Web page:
The only thing new in this world

By: 
Dennis Warden

As a purveyor of the written word it is understandable that I love to read. After newspapers I prefer to read books on history. I recently found a quote by Harry S. Truman that helps me explain my desire for history books. “The only thing new in the world,” Truman said, “is the history you don’t know.”

To me a good history book is educational and entertaining at the same time. Often history is more exciting and unbelievable than stories on fiction. The writer who gives us stories of fiction has to take the reader into a make believe world and make the them believe that this story could happen.

A book I recently finished was entitled “The Lost King of France — A true story of revolution, revenge and DNA,” by Deborah Cadbury

Most of the history books I have read deal with World War II. Something caught my eye at the local library and I picked this book up and could not put it down.

The main point I learned from this wonderful book was the ends do not justify the means. The story revolves around the many possible deaths of Louis XVII, the younger son of King Louis XVI of France and his queen, Marie Antoinette.

His full name was Louis-Charles Bourbon. He enjoyed a charmed early childhood growing up in the palace of Versailles. At just 4 years-old he became the Dauphin, heir to the most powerful throne in Europe when his older brother passed away.

By his ninth birthday he had lost everything.

The French revolution started with the destruction of the Bastille in 1789. A short time later the royal family was forced into prison.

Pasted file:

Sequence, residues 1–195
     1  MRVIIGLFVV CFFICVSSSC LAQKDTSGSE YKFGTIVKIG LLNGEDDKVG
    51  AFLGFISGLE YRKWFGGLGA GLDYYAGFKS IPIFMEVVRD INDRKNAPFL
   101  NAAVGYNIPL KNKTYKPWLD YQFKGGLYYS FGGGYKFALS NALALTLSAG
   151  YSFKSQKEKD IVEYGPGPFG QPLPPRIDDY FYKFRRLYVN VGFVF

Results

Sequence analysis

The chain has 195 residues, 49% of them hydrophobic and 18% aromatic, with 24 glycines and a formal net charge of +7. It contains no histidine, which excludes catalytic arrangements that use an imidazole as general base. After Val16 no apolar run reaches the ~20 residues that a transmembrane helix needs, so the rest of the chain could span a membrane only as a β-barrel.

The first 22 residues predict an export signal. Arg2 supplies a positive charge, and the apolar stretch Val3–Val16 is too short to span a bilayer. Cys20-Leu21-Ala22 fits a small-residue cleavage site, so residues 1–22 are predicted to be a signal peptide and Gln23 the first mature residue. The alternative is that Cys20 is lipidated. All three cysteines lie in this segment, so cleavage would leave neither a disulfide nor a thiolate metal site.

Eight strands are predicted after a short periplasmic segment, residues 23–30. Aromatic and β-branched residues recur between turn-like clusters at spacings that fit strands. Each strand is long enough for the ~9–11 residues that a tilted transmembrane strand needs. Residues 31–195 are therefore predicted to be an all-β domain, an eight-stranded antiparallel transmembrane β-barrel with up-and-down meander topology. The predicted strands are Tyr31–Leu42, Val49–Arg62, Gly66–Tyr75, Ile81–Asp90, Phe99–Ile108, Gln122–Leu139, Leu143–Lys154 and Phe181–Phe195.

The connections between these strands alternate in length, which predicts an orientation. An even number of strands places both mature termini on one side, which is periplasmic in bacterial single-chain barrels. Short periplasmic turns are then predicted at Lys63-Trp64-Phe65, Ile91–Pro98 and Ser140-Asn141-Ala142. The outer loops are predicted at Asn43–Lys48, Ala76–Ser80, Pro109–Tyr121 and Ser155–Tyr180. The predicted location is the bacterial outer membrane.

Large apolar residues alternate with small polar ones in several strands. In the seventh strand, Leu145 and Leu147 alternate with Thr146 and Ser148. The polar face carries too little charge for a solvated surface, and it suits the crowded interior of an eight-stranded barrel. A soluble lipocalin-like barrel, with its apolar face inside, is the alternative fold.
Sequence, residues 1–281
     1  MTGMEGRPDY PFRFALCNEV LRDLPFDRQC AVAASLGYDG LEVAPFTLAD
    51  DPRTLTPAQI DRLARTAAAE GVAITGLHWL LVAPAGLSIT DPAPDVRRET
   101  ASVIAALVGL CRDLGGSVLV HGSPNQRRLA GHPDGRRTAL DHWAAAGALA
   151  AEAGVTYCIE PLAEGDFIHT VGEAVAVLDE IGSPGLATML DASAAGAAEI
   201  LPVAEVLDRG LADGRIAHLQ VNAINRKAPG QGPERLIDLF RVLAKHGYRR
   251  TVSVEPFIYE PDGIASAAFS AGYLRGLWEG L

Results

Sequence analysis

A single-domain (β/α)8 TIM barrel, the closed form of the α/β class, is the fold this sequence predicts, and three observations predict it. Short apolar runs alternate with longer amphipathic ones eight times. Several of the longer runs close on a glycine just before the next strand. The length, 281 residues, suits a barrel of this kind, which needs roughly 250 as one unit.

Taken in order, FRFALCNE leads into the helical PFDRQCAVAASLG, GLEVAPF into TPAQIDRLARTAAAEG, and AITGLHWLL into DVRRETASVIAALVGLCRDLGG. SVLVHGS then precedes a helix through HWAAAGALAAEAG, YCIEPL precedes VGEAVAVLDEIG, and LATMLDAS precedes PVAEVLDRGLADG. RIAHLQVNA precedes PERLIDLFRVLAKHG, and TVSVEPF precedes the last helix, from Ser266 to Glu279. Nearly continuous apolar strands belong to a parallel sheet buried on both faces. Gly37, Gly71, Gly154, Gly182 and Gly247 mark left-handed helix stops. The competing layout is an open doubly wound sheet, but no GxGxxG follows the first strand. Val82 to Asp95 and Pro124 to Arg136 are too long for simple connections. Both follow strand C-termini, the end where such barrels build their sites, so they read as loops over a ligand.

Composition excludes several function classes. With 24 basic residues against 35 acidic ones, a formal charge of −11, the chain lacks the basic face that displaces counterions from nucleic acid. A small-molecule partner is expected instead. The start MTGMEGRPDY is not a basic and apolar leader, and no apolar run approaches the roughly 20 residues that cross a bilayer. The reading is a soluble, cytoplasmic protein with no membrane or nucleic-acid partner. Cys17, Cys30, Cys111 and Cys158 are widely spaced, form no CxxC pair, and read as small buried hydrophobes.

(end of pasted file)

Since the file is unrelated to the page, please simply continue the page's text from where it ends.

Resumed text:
As a means to the ends, King Louis XVI was put to death by the guillotine in 1793 under false charges. Marie Antoinette met the same fate later that year when she was accused of counter revolutionary acts and trumped up charges of incest with her son.

More than just royalty died from the guillotine. According to Wikipedia between June 1793 and the end of July 1794, there were 16,594 official death sentences in France, of which 2,639 were in Paris. That’s an average of over 45 per day.

The revolution even turned on itself when, over a fight for power, several leaders were accused of treason and beheaded.

There was one thing the revolutionary leaders could not do. They could not execute a young boy. So, the presumed King of France, Louis XVII, was treated to unspeakable horrors and allowed to die in the Temple prison in 1795 at the age of ten after spending eight months in solitary confinement. During those last eight months he had no human contact, no light in his room and no place to relieve himself but his dark cell, which was never cleaned.

The revolution succeeded in two things, eliminating the Bourbon Monarchy and killing thousands of its citizens in a period known as the rein of terror. The revolution’s purpose was to form a republic, it ended with Napoleon becoming dictator. 

Did the ends justify the means? I think not.

In our current society I believe we have too many people who believe the ends does justify the means. To come to that conclusion you only need to look at the means they use, most of which involve violence.

Consider instances in the past couple of years where college protestors turn violent to shut down speeches on campus by those they oppose. 

Our country was founded on the principles of free speech. It’s that principle that allows anyone to protest. But when you use violence and threats of violence to silence your opposition you take the risk that one day that same reasoning could be used to silence you.

Also it has come into fashion to intimidate and threaten anyone in public that you don’t agree with politically. This is another dangerous road many are on that will lead to violence and death if not curtailed soon.

Maybe they should spend more time reading a good history book and learn something from our past.

If you love history like I do, I give this book two thumbs up. It brings to life a period I had not paid much attention to.

On a final note, after Marie Antoinette was beheaded they found a letter she had written to her son specifically urging Louis-Charles never to seek revenge for what had happened. “Let my son never forget the last words of his father, which I emphatically repeat: ‘that he never seek to avenge our deaths.’” 

What an extreme example of forgiveness.

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